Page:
Moisés Alou

From Uncyclopedia, the content-free encyclopedia
(Redirected from Moises Alou)
Jump to navigation Jump to search
Alou during his brief time with the San Francisco Berzerkers

Moisés Rojas Alou (usually pronounced /ˈmɔɪzɨs əˈluː/ in English; Spanish pronunciation: [moiˈses aˈlo.u]; born July 3, 1966 in Atlanta, Georgia) was a professional baseball player and cultural critic known for his exceptional consistency at the plate, sardonic wit, and extensive psychic powers.

Early Years[edit | edit source]

Alou was born to parents Miguel Richard Alou and Sandra Ashington Pinckerly in Atlanta, Georgia, then a small fishing village. Alou's father was a professional antique maker, while his mother was descended from the wealthy "West Massachusetts Pinckerlys" known for their dominance of the left pant-leg manufacturing industry. Though Alou's parents were wealthy, he spent much of his childhood working to make ends meet in a large coal mine on the outskirts of Atlanta. It was here, at the age of 9, that Alou's remarkable upper-body strength was first observed by a local priest, and the boy was encouraged by his foreman and union officials to consider trying out for his local little-league baseball club.

Little League Career[edit | edit source]

In the Spring of 1975, Alou signed a 9 year Little-League contract with the East Atlanta Providers, becoming the team's starting Center Fielder. Though Alou's work in center was less than remarkable, his batting average ranked him consistently as one of the top players in Northwestern Georgia. Alou led the Providers to three Little League World Series championships, and was voted MVP twice. Alou still holds the record for most peanuts consumed during a six-inning little league contest with rain-delay (19,000 peanuts over the span of four hours, like a squirrel or something), as well as the distinction of being Little League's first welter-weight batting king.

Major League Career[edit | edit source]

After nine years with the Providers, Alou became a free agent in the Winter of 1984, and joined the Montreal Expos. Though the team was a significant step-down for Alou, he hoped he could be part of the rebuilding effort in Montreal. Alou's skills in French made him instantly popular with the usually unintelligible mob of hecklers at the Expo center, and crowds began to flock to see him play. Alou would later remember his time in Montreal as 'possibly the creepiest six years of my life...but fun anyway, like creepy fun.' Alou later played with the Florida Marlins, Chicago Cubs, Houston Astros, San Francisco Giants, and New York Times before retiring from baseball in 2008.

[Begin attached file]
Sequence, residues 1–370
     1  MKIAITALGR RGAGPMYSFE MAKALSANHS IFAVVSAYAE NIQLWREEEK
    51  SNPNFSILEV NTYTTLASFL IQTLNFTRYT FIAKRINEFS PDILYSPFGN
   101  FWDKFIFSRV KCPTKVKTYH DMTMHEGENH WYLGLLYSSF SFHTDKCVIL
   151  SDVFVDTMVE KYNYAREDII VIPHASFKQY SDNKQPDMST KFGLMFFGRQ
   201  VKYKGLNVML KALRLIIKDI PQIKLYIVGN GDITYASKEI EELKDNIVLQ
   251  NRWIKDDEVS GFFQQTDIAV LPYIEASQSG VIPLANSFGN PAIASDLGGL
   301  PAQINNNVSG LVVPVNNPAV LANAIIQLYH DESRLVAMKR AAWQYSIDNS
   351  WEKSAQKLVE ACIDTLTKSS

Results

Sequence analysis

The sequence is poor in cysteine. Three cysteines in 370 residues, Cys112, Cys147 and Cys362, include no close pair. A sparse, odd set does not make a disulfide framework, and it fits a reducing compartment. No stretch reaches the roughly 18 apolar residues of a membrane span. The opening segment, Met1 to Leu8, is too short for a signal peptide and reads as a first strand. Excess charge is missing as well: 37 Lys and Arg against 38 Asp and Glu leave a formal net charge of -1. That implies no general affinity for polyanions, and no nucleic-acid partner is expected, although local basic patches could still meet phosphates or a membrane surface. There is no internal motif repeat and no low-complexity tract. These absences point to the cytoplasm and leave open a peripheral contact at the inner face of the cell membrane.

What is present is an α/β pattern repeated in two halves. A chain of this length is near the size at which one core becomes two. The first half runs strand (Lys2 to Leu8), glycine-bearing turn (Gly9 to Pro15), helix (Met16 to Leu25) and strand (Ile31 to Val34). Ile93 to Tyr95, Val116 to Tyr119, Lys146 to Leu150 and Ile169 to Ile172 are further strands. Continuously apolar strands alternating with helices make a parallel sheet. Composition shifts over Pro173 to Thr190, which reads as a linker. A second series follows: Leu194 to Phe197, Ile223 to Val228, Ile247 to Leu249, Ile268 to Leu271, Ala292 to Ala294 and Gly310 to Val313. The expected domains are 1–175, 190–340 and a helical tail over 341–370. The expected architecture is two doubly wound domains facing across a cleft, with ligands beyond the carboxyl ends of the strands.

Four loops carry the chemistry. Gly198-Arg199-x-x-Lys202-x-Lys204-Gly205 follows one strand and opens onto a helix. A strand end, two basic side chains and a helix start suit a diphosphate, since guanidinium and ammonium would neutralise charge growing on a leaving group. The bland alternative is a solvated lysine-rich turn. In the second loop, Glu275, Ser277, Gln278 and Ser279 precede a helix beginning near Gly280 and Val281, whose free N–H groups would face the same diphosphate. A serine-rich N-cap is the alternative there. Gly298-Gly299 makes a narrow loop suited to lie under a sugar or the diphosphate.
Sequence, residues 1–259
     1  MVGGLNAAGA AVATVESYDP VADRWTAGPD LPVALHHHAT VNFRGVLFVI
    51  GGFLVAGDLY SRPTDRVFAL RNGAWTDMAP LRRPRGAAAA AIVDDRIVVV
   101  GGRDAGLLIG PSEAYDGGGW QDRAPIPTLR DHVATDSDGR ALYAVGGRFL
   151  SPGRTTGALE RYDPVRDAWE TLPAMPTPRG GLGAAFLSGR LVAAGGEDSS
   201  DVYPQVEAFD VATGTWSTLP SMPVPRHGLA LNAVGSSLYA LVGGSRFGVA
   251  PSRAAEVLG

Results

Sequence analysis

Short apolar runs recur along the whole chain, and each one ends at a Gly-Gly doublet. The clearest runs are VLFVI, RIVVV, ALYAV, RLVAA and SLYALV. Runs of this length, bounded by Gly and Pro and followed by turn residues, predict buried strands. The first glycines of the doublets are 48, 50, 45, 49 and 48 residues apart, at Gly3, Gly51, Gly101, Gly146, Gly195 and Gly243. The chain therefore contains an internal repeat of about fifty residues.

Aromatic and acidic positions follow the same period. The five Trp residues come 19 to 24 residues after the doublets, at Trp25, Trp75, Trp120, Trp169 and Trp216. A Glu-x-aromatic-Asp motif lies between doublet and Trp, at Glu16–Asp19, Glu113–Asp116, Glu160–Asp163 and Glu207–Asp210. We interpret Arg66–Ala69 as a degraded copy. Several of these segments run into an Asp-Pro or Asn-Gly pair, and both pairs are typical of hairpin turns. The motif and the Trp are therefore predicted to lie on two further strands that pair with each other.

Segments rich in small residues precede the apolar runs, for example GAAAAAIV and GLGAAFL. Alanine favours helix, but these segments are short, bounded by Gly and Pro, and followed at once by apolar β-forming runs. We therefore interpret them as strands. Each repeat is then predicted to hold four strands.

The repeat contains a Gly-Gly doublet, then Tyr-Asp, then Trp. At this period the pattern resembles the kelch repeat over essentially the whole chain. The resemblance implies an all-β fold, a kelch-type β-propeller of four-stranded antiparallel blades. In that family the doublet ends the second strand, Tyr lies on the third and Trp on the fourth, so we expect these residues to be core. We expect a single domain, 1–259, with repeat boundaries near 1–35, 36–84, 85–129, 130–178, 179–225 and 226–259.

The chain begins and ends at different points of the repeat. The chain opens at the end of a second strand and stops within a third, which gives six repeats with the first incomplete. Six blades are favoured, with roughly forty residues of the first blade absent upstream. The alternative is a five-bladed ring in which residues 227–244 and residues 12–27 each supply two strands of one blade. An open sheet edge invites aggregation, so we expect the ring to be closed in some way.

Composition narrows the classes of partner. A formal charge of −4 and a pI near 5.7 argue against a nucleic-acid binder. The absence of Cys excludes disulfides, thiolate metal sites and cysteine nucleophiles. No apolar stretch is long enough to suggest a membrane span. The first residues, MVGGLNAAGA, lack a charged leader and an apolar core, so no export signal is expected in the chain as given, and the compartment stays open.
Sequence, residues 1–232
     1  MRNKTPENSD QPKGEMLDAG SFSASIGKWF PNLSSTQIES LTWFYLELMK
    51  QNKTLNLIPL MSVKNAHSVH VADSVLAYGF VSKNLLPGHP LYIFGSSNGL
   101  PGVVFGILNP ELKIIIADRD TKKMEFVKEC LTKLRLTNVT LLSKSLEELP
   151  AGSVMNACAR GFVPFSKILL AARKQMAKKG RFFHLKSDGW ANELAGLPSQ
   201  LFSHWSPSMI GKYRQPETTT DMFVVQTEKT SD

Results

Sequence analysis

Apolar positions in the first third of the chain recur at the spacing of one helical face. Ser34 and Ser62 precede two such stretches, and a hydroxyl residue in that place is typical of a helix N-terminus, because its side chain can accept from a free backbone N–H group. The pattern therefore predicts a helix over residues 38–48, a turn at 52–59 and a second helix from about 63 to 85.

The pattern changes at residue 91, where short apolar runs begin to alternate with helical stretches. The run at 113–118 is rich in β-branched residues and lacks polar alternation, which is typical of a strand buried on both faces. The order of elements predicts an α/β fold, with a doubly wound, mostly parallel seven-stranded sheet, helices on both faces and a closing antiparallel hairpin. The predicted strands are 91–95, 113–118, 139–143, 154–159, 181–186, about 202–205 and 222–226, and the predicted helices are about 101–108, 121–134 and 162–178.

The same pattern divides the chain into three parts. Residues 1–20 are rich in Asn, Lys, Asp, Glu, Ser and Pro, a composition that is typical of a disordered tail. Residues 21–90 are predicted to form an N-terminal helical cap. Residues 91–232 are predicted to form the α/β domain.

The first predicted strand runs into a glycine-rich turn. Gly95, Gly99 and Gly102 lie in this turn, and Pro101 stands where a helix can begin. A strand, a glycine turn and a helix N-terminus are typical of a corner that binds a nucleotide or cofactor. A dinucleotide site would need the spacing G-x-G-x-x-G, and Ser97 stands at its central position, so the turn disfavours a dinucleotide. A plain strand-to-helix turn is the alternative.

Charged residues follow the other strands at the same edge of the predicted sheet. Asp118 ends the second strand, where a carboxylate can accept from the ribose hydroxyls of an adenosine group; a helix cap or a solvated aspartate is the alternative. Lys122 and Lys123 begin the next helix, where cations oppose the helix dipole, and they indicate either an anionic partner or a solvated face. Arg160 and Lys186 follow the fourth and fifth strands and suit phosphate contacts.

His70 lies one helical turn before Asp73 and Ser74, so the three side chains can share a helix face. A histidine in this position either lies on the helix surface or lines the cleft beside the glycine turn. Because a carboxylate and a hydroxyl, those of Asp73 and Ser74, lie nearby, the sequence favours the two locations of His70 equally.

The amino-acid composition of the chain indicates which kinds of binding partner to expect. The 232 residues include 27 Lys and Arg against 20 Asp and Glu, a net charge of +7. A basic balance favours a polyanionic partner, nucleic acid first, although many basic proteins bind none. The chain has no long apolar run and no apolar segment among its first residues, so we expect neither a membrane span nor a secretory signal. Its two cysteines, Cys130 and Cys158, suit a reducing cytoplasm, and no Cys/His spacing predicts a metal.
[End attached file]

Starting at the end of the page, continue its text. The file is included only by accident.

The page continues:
Alou wore a different number during every game he played. Here, he sports number 18, which he would later remember as one of his favorites

Career Statistics[edit | edit source]

Alou retired with a career batting average of .799, just shy of the top career mark of .800 set by Babe Ruth. Alou had 2,199 doubles, 5,681 triples, 3,785 home runs, and 5,756 runs batted in. Alou, also known for his speed, also shattered MLB records with 14,000 career stolen bases.

Off-the-Field Accomplishments[edit | edit source]

Alou was known as a sportsman both on and off the field. He was particularly active in the MLB Cares about Kids with Cancer program, and was able to successfully cure 17 cases of severe pediatric liver cancer during his time with the Expos. Alou continues his charitable works, contributing especially to the American-English Dictionary and other notable causes.

Columnist[edit | edit source]

The New York Times offered Alou a weekly column during his time with the ballclub, and Alou has used this space to discuss issues of importance to him, and to comment on society at large. His columns particularly focus on the themes of family life, airline food, and wikipedia. Alou has been touted, even by opponents as 'The wittiest man alive,' and applauded for his incisive satire and remarkable imagination. Alou also frequently writes about the world of sports, and has been a noted and out-spoken advocate of nudity in both boxing and swimming, and well as banning women from professional archery and increasing the size of standard golf woods.

Psychic Powers[edit | edit source]

Alou practiced this move for hours, which is why pitchers feared him every time he stepped to the plate.

Alou possesses the following psychic powers: telepathy, kinetic powers, ability to see through walls, ability to see into the future, ability to predict overall wins and losses for any major league baseball team prior to the final game of the season, ability to make grass grow faster, ability to change the weather, ability to cancel NBC programming, ability to turn electric lamps on and off, ability to start fires with or without a match, ability to fly, ability to create solar energy in the dark, and ability to hatch unfertilized eggs. There is some speculation that Alou possesses further powers as well, though rumors of an ability to confuse chimpanzees and an ability to reverse credit card charges have not been confirmed.